I love walking.
Those of you who have read this blog over the past couple of years know that I also loved my train journey commute to London Waterloo. I find myself enjoying the – albeit shorter – commute to Southampton that I now make. There is something very special about a journey that wends its way through the Wylye Valley and on through Hampshire by the Rivers Dun and then Test. And I never fail on the return journey to smile when I see the Westbury White Horse and know that I am nearly home.
So I do love train journeys.
However, there’s something extra special about experiencing the world from the perspective of a walk. The moment you’ve finished climbing a hill and suddenly realised the exertion has not only done you good but also given you a view that was worth the pounding heart and aching calf muscles.
There’s something special about the silence that’s suddenly broken by a lark breaking out of its cover and singing as it soars into the sky. Or coming across a duck with her brood of ducklings performing a perfect ballet apart from the hilarious straggler who’s always slightly behind everyone else. Or watching the changing landscape as you revisit a walk in different seasons.
A group of friends and I regularly get together to walk. We take it in turns to suggest where to go – at the moment we’re working our way through places in Wiltshire, although we do occasionally lapse into Wales. Next year I hope – finally – to get around to organising a group to take on the challenging (but well worth it) Imber Perimeter Path across the Salisbury Plain.
Walking clears the mind. It reminds me of the beauties of the place that I’m proud to call home. I half-jokingly call it Being a Tourist Where I Live. Most of all it gives me a sense of peace and well-being and a sense of place where I belong.
There’s an old adage that says you should take nothing but pictures and leave nothing but footprints. I take a lot of pictures – as those of you who know me on Facebook will testify. And I hope I’ve left nothing behind other than the occasional fingernail lost on an old stile.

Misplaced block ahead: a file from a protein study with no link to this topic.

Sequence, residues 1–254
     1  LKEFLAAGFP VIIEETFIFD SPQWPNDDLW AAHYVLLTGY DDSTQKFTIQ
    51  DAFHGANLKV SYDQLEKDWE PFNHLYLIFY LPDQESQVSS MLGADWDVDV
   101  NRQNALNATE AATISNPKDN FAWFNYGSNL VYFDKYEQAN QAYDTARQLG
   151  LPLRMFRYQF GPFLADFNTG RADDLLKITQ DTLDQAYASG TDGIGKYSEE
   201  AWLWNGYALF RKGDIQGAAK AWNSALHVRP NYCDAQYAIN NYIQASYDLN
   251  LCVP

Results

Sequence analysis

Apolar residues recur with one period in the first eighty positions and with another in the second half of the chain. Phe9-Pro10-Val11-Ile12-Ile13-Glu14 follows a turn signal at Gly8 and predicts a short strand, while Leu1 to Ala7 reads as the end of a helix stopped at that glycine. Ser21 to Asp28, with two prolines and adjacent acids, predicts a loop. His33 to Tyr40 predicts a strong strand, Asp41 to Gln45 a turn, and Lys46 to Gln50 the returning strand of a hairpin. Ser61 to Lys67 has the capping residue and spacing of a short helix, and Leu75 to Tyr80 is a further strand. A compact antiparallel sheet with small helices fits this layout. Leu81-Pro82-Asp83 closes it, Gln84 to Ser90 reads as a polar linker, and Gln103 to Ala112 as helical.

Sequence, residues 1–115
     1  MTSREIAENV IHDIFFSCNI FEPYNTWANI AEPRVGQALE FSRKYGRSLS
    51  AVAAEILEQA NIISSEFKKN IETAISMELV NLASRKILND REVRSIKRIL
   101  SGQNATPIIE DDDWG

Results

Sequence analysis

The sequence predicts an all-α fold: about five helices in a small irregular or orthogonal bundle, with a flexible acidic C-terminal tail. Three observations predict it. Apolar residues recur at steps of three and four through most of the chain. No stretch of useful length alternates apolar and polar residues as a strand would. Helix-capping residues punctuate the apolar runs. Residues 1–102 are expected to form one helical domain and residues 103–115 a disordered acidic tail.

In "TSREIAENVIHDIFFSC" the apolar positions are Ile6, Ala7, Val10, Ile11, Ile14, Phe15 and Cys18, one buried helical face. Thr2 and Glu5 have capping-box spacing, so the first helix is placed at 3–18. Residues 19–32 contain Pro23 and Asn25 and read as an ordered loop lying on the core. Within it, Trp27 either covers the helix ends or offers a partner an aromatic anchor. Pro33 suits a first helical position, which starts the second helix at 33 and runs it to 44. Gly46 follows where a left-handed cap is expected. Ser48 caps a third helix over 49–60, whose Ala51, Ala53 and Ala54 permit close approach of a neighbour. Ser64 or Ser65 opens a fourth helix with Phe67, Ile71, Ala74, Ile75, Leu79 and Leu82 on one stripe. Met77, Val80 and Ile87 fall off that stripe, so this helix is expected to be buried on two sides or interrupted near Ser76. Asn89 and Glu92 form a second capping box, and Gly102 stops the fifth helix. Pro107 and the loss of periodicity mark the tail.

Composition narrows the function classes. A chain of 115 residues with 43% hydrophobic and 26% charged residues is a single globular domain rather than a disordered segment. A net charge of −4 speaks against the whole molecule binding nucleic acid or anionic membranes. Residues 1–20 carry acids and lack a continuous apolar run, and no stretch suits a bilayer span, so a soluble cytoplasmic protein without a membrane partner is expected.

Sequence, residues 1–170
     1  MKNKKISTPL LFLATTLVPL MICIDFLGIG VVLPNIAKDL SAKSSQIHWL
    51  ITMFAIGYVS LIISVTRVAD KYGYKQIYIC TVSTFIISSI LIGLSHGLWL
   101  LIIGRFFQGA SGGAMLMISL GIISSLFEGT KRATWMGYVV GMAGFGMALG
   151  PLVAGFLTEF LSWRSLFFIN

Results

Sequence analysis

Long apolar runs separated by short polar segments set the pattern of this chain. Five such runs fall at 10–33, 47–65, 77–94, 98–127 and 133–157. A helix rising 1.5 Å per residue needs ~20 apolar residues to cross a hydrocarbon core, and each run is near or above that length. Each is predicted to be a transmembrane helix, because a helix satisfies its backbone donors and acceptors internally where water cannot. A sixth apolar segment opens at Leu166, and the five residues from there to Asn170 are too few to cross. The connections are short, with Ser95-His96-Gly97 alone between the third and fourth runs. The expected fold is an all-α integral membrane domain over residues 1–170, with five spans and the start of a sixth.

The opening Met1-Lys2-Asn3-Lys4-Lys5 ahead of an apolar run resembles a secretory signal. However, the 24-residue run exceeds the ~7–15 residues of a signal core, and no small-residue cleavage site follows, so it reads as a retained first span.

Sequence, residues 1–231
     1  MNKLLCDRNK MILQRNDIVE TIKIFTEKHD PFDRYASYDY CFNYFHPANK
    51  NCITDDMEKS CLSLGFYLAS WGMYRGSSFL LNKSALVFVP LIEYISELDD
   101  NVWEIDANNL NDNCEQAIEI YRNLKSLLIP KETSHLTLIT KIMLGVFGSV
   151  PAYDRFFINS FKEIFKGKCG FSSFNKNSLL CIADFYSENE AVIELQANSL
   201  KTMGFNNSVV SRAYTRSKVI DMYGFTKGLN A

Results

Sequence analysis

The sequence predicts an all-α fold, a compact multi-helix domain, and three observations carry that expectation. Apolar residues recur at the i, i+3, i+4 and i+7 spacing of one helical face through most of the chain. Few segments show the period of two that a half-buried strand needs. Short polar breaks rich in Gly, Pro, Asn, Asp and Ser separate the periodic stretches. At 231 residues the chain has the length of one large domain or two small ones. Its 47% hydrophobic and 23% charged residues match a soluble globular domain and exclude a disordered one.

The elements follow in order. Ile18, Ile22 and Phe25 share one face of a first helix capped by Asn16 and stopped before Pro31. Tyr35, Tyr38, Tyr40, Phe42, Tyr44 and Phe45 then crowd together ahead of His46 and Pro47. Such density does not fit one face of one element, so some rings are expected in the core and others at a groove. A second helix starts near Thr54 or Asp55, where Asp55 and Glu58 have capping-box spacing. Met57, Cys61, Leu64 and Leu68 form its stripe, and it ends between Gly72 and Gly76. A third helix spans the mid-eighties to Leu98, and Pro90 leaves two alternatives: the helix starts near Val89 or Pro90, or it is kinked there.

In our young people’s group at church, we’re currently running a series called Polar Explorers. It’s looking at how people of faith should have a positive impact on the world around them – the Kingdom Footprint. Over the past few days I’ve been thinking a lot about that.
A man I’ve known for more than 15 years died last Friday. He was someone I met through work, but he became a real friend who I laughed and put the world to rights with on regular occasions. He was a brave and very funny man. Although I knew he’d been seriously ill, I and many others thought he had come through to the other side. As I read the many loving and sincere tributes on his Facebook page I began to realise just how much of a remarkable footprint Shaun leaves behind.
Shaun was a paramedic. His calm manner must have reassured many seriously injured people that everything would be all right because he was there. I also have no doubt that there are people alive today who wouldn’t be, if it wasn’t for him. Shaun’s footprint may not be one that can be easily seen but there is no doubt it is quietly felt in many lives and many corners of the country.
A gentle footprint leaves no damage but instead leaves its quiet mark. Rather than stamping to make a big ‘look at me’ show leaving broken grass and smashed flowers in its wake, the gentle footprint can hardly be seen. And yet it leaves a lasting impression. The evidence that it was made is still there.
Shaun’s death is a terrible loss for his family and friends. No amount of footprints, however gentle, however lasting, will ever replace that cheeky smile and friendly face. And I bet, they, like me, would give a lot to have just one more hug.
As I think of him now, I remember the man who made me laugh. A lot. The man whose ordinary kindness (Come on Hev, I’ll put the kettle on’) helped me in a moment of real pain and unhappiness. The man whose lasting legacy of positive footprints in the world around him is an inspiration and a lesson in how life should be lived to the full for the benefit of others.